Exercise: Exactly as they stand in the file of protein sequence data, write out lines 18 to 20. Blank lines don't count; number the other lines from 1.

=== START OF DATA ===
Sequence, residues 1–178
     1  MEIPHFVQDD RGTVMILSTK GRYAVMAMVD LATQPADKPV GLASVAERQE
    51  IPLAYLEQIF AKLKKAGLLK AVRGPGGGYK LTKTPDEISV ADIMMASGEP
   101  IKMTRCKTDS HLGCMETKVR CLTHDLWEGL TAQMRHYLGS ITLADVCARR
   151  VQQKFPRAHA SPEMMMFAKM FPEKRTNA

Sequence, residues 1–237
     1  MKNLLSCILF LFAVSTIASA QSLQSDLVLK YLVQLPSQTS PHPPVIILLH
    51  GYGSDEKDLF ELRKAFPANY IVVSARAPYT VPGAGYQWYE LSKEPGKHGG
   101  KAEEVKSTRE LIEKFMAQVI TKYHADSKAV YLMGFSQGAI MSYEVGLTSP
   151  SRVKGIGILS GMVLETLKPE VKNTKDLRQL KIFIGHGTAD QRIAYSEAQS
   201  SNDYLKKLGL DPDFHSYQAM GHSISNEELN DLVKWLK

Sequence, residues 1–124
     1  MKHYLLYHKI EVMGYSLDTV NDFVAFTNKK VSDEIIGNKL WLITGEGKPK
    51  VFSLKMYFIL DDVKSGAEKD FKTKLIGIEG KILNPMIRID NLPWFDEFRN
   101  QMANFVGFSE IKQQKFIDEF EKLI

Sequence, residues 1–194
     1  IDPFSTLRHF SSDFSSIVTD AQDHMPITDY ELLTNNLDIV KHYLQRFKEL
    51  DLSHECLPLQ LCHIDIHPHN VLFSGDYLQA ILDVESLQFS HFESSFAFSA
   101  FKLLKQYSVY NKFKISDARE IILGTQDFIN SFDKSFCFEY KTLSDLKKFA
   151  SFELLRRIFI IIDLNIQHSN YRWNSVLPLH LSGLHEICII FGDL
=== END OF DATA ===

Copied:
    51  DLSHECLPLQ LCHIDIHPHN VLFSGDYLQA ILDVESLQFS HFESSFAFSA
   101  FKLLKQYSVY NKFKISDARE IILGTQDFIN SFDKSFCFEY KTLSDLKKFA
   151  SFELLRRIFI IIDLNIQHSN YRWNSVLPLH LSGLHEICII FGDL